Often we take for granted the beauty that surrounds us. The vibrant colors and views of nature that enrich us every day can become lost if we do not take care of our eyes. Vision care works best if we use it as a prevention. Don’t wait to seek help until there are problems.
How do you know if it is time to get an eye exam?
Our eyes can let us know when it is time to get them checked. Here are a few tell-tale symptoms:
- Your eyes will begin to see floaters or you see spots. Are you seeing flashes of light?
- Are they often dry, itchy and red?
- Has your night vision changed? Are you having difficulty with glare, blurred landscape, or reading road signs?
- Do you need longer arms to read? If you are holding the newspaper at a distance, squinting, or closing one eye to be able to focus the print, it is time to have your eyes checked.
- After spending a long time in front of a computer monitor, do you develop headaches, blurred vision, or eye strain?
- Do you have a health condition like diabetes? Your eyes may be affected. Also, if you are not showing systems but have a family history of glaucoma, diabetes, or other conditions that can affect the eyes, regular exams would be wise especially as you enter your 50’s.
- Signs of sudden dizziness, motion sickness, or issues with following a moving target may mean it is time for an eye exam.
- If you have had any type of head trauma, and you experience changes in your vision, your eyes need to be checked.
- Having trouble remembering the last time you had an eye exam? It is time to schedule an appointment.
Often people go through a vision change after the age of forty. Your eye doctor can gauge the change and offer corrective solutions. The exam can reveal more than just eye changes including signs of diabetes and cancer.
Benefits of Contacts
After the exam, the eye doctor tells you that it is time for you to correct your vision using eyewear. Your choices are contacts or glasses. Here are the benefit of contacts:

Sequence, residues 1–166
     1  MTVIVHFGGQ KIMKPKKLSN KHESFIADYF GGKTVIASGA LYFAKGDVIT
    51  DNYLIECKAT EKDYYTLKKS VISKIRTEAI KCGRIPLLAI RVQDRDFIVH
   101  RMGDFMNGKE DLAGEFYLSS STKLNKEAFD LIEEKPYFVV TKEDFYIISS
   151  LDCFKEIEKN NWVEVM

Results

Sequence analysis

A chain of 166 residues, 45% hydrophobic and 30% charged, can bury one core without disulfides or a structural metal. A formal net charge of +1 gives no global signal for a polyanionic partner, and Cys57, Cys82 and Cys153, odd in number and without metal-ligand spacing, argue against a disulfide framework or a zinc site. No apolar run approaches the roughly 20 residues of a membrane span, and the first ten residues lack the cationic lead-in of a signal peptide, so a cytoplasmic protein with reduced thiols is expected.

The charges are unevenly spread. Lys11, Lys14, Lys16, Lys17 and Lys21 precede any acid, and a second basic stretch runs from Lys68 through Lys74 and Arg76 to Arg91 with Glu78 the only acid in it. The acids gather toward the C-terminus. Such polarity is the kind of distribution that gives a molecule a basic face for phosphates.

- You keep your natural appearance.
- They do not fog and obstruct vision.
- Frames are not needed.
- Glare and reflections are not an issue.
- There is no obstruction of view including your peripheral vision.
Different Types of Contacts
- Daily replacements are soft contacts that do not require cleaning. You wear them one day and dispose of them. You open and wear a fresh new pair the next day.
- Two week and monthly replacements mean the contacts are good for those amounts of time. Both types of contacts must be removed from your eyes in the evening, cleaned and stored.
- Hard Contacts are still available but often are not as comfortable to wear. They have a maximum three-month wear life and need to be removed, cleaned, and stored every night.
- Extended wear contacts can be purchased for 7-day and 30-day prolonged use without removal.
- Tinted contacts that change your eye color can be prescribed. Your eyes can be colored to enhance your looks and match your wardrobe.
When purchasing contacts, it is advised that you also own a pair of prescription glasses. Contacts obstruct oxygen to the cornea and your eyes need to breathe. Glasses now make a fashion statement and the choices are vast.
Choosing the Right Glasses
- Shop around for your frames. Find the style that enhances your look with a price that will fit your budget. Look for frames that balance your facial features. Pick frame colors that go well with your skin tone and hair color.
- Talk to your eye doctor about the types of materials available for the lens construction and special features such as tinted UV protection or darkening in sunlight.
- The weight of the frames is a big issue to consider since you will be wearing them for prolonged periods of time.
- Check to see if your eyes center in the lens and your eyes look balance in shape and size when wearing the glasses.
- A good tip is to bring your glasses and contacts when you have an exam. This lets the doctor check them to see if any changes that need to be made.
How much does an eye exam cost?
The cost of an eye exam can range from $50 to slightly over $100. Additional procedures will add to the cost. If you have vision insurance, check your policy to see if you are fully covered or if you are required to make a co-pay. Be sure to check with your employer for any eye care benefits provided by the company.